Bill Gernenz blogs at Broken and Undone.
Principle #3: Faithful Biblical Application Builds Faith
The aim of God-centered, exegetically-sound biblical application should ultimately be what Wayne McDill identifies as “a faith response” (12 Essential Skills for Great Preaching, 187-198). While pastors discuss the many and varied purposes of preaching, “the fundamental objective of preaching remains faith.” McDill explains:
The overarching aim of preaching is to call for faith in the hearer. . . the focus of preaching must be the object of faith, the person of God. The preacher enhances faith by pointing his hearers to God, his character, his capabilities, his intentions and his record.”
Indeed, McDill’s conviction reflects the central thrust of God’s self-revelation. In the gospels, Jim Cymbala in Fresh Faith observes that throughout the gospels, Jesus is either commending people for their faith or reproving their lack of it (Matt 15:28; Mark 6:5-6; Luke 7:9). The gospel of John was explicitly written so that his readers might have faith (John 20:31). The apostles wrote to churches inquiring about their faith (1 Thess 3:5), praising God for their faith (Rom 1:8), encouraging them to continue in faith (1 Pet 1:7) and charging them to contend for the faith (Jude 3). Abraham, the father of faith, was made righteous by his faith (Rom 4:1-5, referencing Gen 15:6). Contrast that with what the author of Hebrews tells us, that the word spoken to the children of Israel did not benefit them because it was not coupled with faith (Heb 4:2). Believers are commanded to “walk by faith” (2 Cor 5:7) knowing that “without faith it is impossible to please God” (Heb 11:6). Indeed, “whatever is not from faith is sin” (Rom 14:23). The overwhelming testimony of Scripture indicates that preachers should aim for the building of faith in their hearers.
So, Scripture’s emphasis on faith necessitates that all preaching aim for faith. But, how does the preacher increase faith in his hearers? The simple answer is: by means of the Word of God. Paul the apostle reveals that faith comes from hearing the word of God (Rom 10:17). Consequently, if believers are going to possess a faith that overcomes the world, then preachers must preach the Word of God faithfully. It will not be moralism, therapy, or self-improvement that gives Christians victory over the sin in their lives and the trouble in their world. It will be faith (1 John 5:4).
A faith-response, however, must not be understood as a mere informational exchange resulting in the mental assent of truth and doctrine. Furthermore, to say that the goal of preaching for faith is life-change must not be confused with mere behavioral change. To aim for external conformity is too shallow a goal. The faithful preacher must target the heart, seeking internal transformation. When Paul pointed the Philippians to the obedience of Christ, it was not to shame or guilt or prod them to merely do as Christ did. Paul’s intent was not mere external conformity, but internal transformation. Paul was displaying Christ’s character, appealing to them on the basis of the salvation they had received by faith. Contemporary preachers must be challenged by Paul’s example not to be content with mere conformity of behavior but to purpose for the transformation of the heart. This transformational intention is the thrust of what Jim Shaddix calls “incarnational preaching” (The Passion-Driven Sermon).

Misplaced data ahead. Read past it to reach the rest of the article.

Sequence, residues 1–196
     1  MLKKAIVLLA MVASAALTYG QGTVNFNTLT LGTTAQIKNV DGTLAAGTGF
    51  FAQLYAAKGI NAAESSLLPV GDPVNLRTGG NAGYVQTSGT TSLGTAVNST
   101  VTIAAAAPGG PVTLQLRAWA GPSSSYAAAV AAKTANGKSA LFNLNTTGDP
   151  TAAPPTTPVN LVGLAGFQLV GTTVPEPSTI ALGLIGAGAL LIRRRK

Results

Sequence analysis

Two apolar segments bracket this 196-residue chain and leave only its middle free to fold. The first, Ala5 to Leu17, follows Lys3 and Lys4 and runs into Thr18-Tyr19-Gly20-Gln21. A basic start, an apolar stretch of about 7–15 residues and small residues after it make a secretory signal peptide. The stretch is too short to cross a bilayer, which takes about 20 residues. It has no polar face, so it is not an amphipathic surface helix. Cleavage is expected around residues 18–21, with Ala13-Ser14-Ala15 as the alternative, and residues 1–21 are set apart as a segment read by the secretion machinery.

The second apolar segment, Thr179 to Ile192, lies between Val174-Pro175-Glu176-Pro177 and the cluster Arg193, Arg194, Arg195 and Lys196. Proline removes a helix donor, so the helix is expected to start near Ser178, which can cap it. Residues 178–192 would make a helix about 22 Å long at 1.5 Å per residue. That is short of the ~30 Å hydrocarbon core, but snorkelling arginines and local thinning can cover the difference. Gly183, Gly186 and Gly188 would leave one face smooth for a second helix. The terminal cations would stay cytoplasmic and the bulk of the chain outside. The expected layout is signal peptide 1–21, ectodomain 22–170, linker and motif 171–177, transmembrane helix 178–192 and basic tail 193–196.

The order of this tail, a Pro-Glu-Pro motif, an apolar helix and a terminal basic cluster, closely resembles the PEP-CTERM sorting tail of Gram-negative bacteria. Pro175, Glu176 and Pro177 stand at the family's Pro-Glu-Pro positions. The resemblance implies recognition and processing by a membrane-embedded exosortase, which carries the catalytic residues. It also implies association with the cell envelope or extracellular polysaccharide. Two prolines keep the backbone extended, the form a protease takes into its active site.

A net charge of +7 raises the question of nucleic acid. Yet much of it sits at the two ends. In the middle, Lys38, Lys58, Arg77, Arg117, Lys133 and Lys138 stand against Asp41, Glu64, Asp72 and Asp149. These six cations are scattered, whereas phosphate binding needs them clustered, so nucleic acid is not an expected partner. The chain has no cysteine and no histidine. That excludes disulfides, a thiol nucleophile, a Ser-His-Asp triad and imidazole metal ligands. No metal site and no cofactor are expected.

Astutely identifying the modern distortion concerning what “relevance” involves, Shaddix attempts to rescue today’s preachers from the contemporary worship of modern application. Preaching sermons that target the external behavior while largely neglecting theology and doctrine has rendered pastors effectively powerless to produce any real change. In pursuing relevance, they have plunged into the abyss of irrelevance. Contrary to modern thinking, “life change doesn’t take place as a result of practical application. Life change takes place as individuals are transformed by biblical truth and then it is manifested in practical application” (Shaddix).
Preach for faith and the heart is changed. When the heart is changed, the life will be transformed. Yet pastors commonly resist this fundamental purpose because of the tendency to fix our gaze on more immediate, more measurable, and more personally affirming purposes. In the end, this is not a peripheral issue of methodology and preference, but it is a fundamental issue of faith. Will the preacher find fulfillment in being found faithful? Will he place his confidence in the Spirit of God and the Word of God? “Preaching for faith requires a foundation of faith in the preacher” (McDill). When all is said and done, every preacher must decide if he believer the Word of God to be truly sufficient and efficacious.
Knowing God builds faith. Faith shapes character. Character determines behavior. This pattern of genuine life-change generally takes time and is not immediately observable. Therefore, preachers must forsake the prideful desire for validation that drives them to obsess over perceivable results. If God is trustworthy and if his Word is sufficient, then pastors must determine to labor in faith, praying for spiritual re-creation resulting in authentic transformation. The temptation to manufacture morality is strong. The appeal of artificial application for the modification of behavior is attractive. But the pastor is commanded to preach the Word even when the people demand something else. It is when the preacher is tempted to something else that he himself must exercise faith in the power of God’s Word. In this exercise of faith God is pleased and only in this exercise will the preacher will be considered faithful.
To read a full treatment of this principle in pdf format click here.